8 Of The Most Frustrating Things You Can’t Do Because Of Age Restrictions

I’m in my twenties now, and aside from being ineligible to run for president, my days of not being old enough to do things are pretty much over. This is, of course, pretty effing great since I found most age restrictions frustrating when I was a teenager. It’s not like I was furious that I couldn’t buy cigarettes or legally get wasted, but some age limits quickly seemed unfair and impractical, and even though those years are behind me, I still think many of them are unfair and impractical. Perhaps even moreso than I did when I was younger.

Teenagers actually have more rights than you might think, but there are still some serious limitations. From drinking to driving around with your friends, here are eight of the most frustrating age restrictions. (For the record, these are all American-centric and naturally don’t apply to age limits everywhere.)

Can't Buy A Drink Until You're 21-Years-Old

Did you know that the drinking age limit used to be different from state to state? Yeah, back in the '70s some 18-year-olds could easily buy a six-pack of beer. Personally, I didn't really drink as a teen, so I didn't care about not being old enough to buy alcohol. That is, until I came back to the states after studying abroad in London. I was 20-years-old and was able to drink freely in the UK, but I came back to the US with a few months left until I turned 21. I suddenly felt so infantilized by the fact that I couldn't even buy a glass of wine!

People under 21 are going to have access to alcohol no matter what, but I understand why making it tougher for young people to have access to alcohol isn't the worst idea. Still, it's interesting to see how other countries allow drinking at earlier ages than the US.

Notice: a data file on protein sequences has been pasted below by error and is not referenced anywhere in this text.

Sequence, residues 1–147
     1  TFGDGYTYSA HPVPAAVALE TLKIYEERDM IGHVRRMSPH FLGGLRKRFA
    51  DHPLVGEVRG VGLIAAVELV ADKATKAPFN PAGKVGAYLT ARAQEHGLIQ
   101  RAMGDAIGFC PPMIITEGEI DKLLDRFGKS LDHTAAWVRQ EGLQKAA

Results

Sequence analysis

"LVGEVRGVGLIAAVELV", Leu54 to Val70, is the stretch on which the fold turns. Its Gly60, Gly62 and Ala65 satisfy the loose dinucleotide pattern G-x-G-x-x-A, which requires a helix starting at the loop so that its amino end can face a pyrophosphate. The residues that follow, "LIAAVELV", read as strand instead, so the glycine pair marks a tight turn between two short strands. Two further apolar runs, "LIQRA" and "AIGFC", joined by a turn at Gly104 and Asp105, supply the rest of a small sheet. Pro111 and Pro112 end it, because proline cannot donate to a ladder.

Eternal Sunshine Of The Spotless Mind

Can't Drive With People Under 20-Years-Old Within The First Year Of Having A Driver's License

I can't guarentee if this is the case in every state, but when I got my driver's license in California, I checked out the small print on the back of it. It said, "First 12 months of licensure may not transport passengers under age 20 and may not drive between the hours of 11:00 PM and 5:00 AM without parent/other driver." Now, I never really broke the law as a teen...except for this one. WTF, not being able to drive in a car with my friends? Not being able to drive at night? What if there's a party late at night and a friend needed a lift home? What if I just wanted to drive around with some friends? This was definitely a law I was so against that I just...er...didn't pay attention to it. Whatever.

Ferris Bueller's Day Off

Can't Hang Out At The Mall Without An Adult

A strict curfew sounds freeing compared to the rules that dozens of malls have implemented over the past few years. Yes, there are malls out there that require anyone under 18-years-old to be accompanied by someone over the age of 21. I wish this was a joke. This isn't just annoying for teens, either. I don't know about you guys, but I'm pretty sure my parents would be frustrated by the prospect of having to play chaperone to me and my friends at the mall, too.